Alternatives to HRT (Hormone Replacement Therapy)

Published: 24/05/2022

An overview of non HRT treatment options and how they can support woman through menopause. How non HRT treatments work and the benefits of them.

If you want to find out more about HRT you should take some time to read our related blogs: 

What is HRT?

The Link Between Breast Cancer and HRT

Natural HRT Alternatives    

HRT is very effective at controlling menopausal symptoms and is recommended by N.I.C.E. (National Institute for Clinical Excellence) as the first line treatment. HRT is considered safe and effective for the vast majority of women. Not all women want to take HRT and for a small minority of women, hormone replacement therapy is not recommended.  If you are not allowed to use HRT for medical reasons it can be difficult to find something that is as effective as HRT.  

Menopause Supplements

If you do not want to take HRT there are numerous menopause supplements marketed to help with menopausal symptoms but few that offer any proven benefit and some that have side effects.

Some general supplements can be used to support your general health such as Omega 3, Vitamin D & Calcium. Others may help with some menopausal symptoms. When choosing a supplement, make sure you purchase them from a reputable UK supplier.  If the supplement is herbal, look for the Traditional Herbal Remedy (THR) mark on the packaging - this ensures it reaches UK standards.  You can also check with a pharmacist that the remedies do not interact with any other medications you are taking.

Some supplements to ease the effects of menopause are:

Red Clover: Recommended for hot flushes and night sweats.  There are very few side effects and almost everyone can take it.  You will need to take it for at least 3-4 months to feel any significant benefit.

Sage: A small study of the use of sage capsules was shown to reduce hot flushes in menopausal women.  There is very little evidence or research out there so it is not known if any other products work or what doses work best.

Black Cohosh: Can be used for hot flushes and night sweats.  You must not use it if you have had breast cancer or are using blood thinners. Avoid if you have liver problems or take medication which can affect the liver.

Sea Buckthorn oil:  This can be used to alleviate symptoms of dry eyes, skin and vagina.  It is usually in capsule form, although you can obtain oils that can be applied directly to the skin.

Belladonna:  A homoeopathic medication to help alleviate hot flushes and night sweats.  There are no known side effects or contraindications.

If HRT is contraindicated then there are some other options which may help with hot flushes and night sweats.  These are all prescription medications and must be prescribed by a medical professional.

Low dose antidepressants (SSRI’s & SNRI’s)

Some low dose antidepressants can be effective for hot flushes such as Paroxetine, Citalopram, Venlafaxine and Fluoxetine.  As these medications are low dose they shouldn’t be addictive and can easily be stopped; they also have fewer side effects. These low dose antidepressants also work within two to four weeks and can also help with low mood and anxiety. If you are taking Tamoxifen you should not use Fluoxetine or Paroxetine as this can reduce the effectiveness of the Tamoxifen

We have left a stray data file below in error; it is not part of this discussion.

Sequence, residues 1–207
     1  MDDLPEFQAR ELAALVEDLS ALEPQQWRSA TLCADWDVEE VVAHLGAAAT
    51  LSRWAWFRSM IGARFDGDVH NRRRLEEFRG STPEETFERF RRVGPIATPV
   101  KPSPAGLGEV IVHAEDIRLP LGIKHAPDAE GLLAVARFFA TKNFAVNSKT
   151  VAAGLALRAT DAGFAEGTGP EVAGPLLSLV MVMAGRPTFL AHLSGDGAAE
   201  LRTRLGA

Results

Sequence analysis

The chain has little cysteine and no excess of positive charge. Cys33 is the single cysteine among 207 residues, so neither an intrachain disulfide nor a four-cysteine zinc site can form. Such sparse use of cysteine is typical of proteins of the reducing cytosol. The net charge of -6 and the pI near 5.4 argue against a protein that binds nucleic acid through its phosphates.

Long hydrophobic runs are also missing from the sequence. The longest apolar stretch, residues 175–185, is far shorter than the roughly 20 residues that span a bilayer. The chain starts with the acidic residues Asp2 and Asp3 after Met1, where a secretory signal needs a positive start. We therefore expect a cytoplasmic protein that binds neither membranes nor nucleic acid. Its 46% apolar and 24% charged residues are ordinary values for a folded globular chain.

Clonidine is a blood pressure medication which can also be used to treat hot flushes. It is recommended to start on a low dose and build up slowly until you find a dose which helps your symptoms.  Clonidine is the only non-hormonal drug licensed in the UK to treat hot flushes.


Gabapentin is an anti-epileptic drug which can sometimes be recommended to treat menopausal hot flushes.  The main potential side effects are drowsiness and nausea. It is usually started on a low dose and built up slowly.

Not always the answer

It is important to remember that these medications may not help everyone and the side effects might not settle. Occasionally the symptoms relief might be short lived with symptoms returning again after a few months.  There are some women who report their menopausal symptoms worsening and having sleep disturbance with some of the medications.  

Making changes to your lifestyle and diet should be used in conjunction with taking medications.  If certain foods or alcohol trigger your symptoms, reduce or eliminate them from your diet.  Equally if you are overweight or smoke you are more likely to experience menopausal symptoms.  Making positive changes to your lifestyle will benefit you in many ways as well as to help reduce menopausal symptoms.

This is the fourth in our series on Menopause. Check out our other articles to get a full understanding of what the Menopause means for many women.

Lifestyle Factors to Help Improve Menopause Symptoms

What is Menopause Exactly?

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Alternatives to HRT (Hormone Replacement Therapy)

This article covers how women don't always have to always turn to HRT to assist with menopause for it can have negative side effects on overall health and wellbeing. Non-HRT alternatives such as natural remedies can be extremely effective to support women through menopause, improving health and wellbeing through this life stage, let us tell you more!

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